Church of South India
|Church of South India|
Logo of the Church of South India designed by Prof.Dr.J. Vasanthan of The American College in Madurai
|Classification||Anglican and Protestant|
|Polity||Episcopal and Presbyterian1|
World Council of Churches,
World Communion of Reformed Churches,2
Christian Conference of Asia,
Communion of Churches in India,
National Council of Churches in India
|Region||Andhra Pradesh, Karnataka, Kerala, Tamil Nadu, and Sri Lanka (CSI churches in North India are under the respective CNI bishops. CSI churches in europe are under the respective Anglican Bishops)|
|Origin||27 September 1947 (Day of Union, not a day of establishment)
Chennai, Tamil Nadu
|Merge of||Anglican and Protestant including some Methodist, Presbyterian and Baptist|
|Secondary schools||2000 schools, 130 colleges3|
|Part of a series on|
|Indian Christianity portal|
The Church of South India (CSI) is the successor of the Church of England in India after Indian Independence. It came into being by a union of Anglican and Protestant churches in South India. It combined the South India United Church (union of the Congregationalists and the Presbyterians), the Anglican Dioceses of South India and the South Indian District of the Methodist church1 With a membership of over four million,3 it is India's second largest Christian church after the Catholic Church in India.5 CSI is one of four united churches in the Anglican Communion.
That they all may be one; as thou, Father, art in me, and I in thee, that they also may be one in us: that the world may believe that thou hast sent me.
"That they all may be one" is also the motto of the Church of South India.3
- 1 History
- 2 Logo
- 3 Beliefs and practices
- 4 Liturgy
- 5 Festivals
- 6 Constitution
- 7 Ecumenism
- 8 Administration
- 9 Synod
- 10 Dioceses
- 11 Congregations
- 12 Church of South India Trust Association
- 13 Affiliations
- 14 Growth
- 15 Gallery
- 16 See also
- 17 References
- 18 External links
The Anglican presence in India dates back four hundred years to 1600, when Queen Elizabeth I was on the throne of England. From that time until within living memory British chaplains and missionaries arrived in ever-increasing numbers and were the first to minister to the expatriate British community.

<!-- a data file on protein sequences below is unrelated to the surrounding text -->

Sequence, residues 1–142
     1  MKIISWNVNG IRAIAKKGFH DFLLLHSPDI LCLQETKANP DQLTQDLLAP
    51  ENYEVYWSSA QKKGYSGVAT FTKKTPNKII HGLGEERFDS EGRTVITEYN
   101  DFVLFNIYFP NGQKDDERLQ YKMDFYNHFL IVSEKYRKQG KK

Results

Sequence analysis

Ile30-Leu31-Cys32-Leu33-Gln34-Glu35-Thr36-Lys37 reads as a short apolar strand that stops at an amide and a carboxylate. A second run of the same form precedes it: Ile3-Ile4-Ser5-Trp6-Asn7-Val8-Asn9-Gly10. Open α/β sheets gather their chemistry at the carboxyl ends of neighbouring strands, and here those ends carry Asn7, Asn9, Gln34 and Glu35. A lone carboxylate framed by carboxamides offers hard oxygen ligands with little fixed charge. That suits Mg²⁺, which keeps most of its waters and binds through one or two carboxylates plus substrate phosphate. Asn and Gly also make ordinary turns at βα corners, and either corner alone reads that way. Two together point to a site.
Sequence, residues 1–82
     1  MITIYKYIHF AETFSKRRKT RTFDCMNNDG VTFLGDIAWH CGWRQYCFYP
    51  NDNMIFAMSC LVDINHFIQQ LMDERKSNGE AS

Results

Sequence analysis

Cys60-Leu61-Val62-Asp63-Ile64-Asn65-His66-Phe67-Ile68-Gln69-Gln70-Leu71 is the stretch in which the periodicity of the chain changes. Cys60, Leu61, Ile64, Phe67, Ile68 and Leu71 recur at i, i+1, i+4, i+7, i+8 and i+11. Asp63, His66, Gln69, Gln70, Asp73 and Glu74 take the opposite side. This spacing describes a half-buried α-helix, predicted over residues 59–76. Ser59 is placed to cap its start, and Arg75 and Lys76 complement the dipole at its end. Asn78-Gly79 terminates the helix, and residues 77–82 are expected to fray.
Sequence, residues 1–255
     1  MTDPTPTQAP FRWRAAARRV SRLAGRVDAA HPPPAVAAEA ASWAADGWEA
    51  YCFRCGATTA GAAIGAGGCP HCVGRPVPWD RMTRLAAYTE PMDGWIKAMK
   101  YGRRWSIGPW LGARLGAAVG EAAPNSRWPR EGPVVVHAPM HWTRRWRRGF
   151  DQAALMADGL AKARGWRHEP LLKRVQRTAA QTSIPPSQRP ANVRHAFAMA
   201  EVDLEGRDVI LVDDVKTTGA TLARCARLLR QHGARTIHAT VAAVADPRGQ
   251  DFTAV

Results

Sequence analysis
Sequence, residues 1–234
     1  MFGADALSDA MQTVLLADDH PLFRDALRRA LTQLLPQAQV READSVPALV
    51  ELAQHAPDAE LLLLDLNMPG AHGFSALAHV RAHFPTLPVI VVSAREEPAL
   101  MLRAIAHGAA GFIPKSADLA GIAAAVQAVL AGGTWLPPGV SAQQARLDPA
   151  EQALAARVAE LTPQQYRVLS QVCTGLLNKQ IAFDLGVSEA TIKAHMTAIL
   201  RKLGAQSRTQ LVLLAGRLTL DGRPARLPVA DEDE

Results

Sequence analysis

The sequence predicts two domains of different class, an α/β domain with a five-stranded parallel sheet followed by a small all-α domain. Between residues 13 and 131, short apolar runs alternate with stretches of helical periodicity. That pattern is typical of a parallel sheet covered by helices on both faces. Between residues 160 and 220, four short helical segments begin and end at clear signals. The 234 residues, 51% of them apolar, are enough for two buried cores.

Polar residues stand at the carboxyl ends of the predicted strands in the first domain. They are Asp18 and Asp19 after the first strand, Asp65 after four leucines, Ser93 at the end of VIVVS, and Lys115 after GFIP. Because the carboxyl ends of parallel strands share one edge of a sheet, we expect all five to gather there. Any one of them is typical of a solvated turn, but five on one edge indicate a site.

The Diocese of Calcutta was promulgated in 1814; its territory included not only India but also those countries known today as Pakistan, Bangladesh, Myanmar (then Burma) and Sri Lanka (then Ceylon) and also, from 1824 to 1836, Australia. With the foundation of the Diocese of Madras in 1835 (mostly the current Church of South India including Ceylon and south east Asia) and the Diocese of Bombay in 1837 the Indian church was formed into a province, with the Bishop of Calcutta being metropolitan ex-officio.
With the growth of nationalism during the latter part of the 18th century, there also developed among Indian Christians a concern for self-reliance and independence. There was, further, the growing awareness that the divisions among the churches in India were not the making of Christians in India but brought by the different missions from abroad. However, faced with the challenge of the mission frontier and the necessity of better credibility, the churches began to be increasingly aware of the scandal of disunity and sought ways of overcoming it. As a result, different kinds of mergers or unions among churches were beginning to take place. In October 1901, a federal union took place between the Presbyterian missions in South India, the United Free Church of Scotland Mission, the American Arcot Mission of the American Dutch Reformed Church and the Basel Mission. In 1904, the Congregational churches of the London Missionary Society in South India and the Congregational churches of the American Board Missions in South India and Jaffna came together in a federal union. In 1908 these two bodies, the Presbyterian and the Congregational, came together to form the South India United Church (SIUC).
Following the International Missionary Conference held in Edinburgh in 1910, there was even greater impetus for co-operation and union among churches. One of the direct consequences in India of the Edinburgh conference was the formation of the National Missionary Council in 1914 (which later became the National Christian Council of Churches). The National Missionary Council organized Regional Christian Councils; one of the objectives of these was the strengthening of the evangelistic outreach as a joint or co-operative activity of all the churches. The experience of such joint evangelistic programs of the Madras Regional Council led the churches to raise the question afresh as to whether there was any valid reason for the churches to remain divided when they had the same Gospel of Jesus Christ to proclaim in their evangelistic mission. As a result of this realization, an informal meeting of pastors of the Lutheran, Methodist, South India United Church and Anglican churches, convened by the Rev. V.S. Azariah (later Bishop of Dornakal) and the Rev. V. Santiago, took place in Tranquebar in 1919. This famous conference on church union is known as "Tranquebar 1919".6 The conference issued a call for union among the churches and a joint committee was set up for considering negotiations for union. The Lutherans did not join this committee and only the other churches, the Anglican, Methodist and the SIUC, participated in the negotiations which followed. The first meeting of the committee was held in 1920 and following it many meetings were held to consider different issues until the churches could agree on a common basis for union.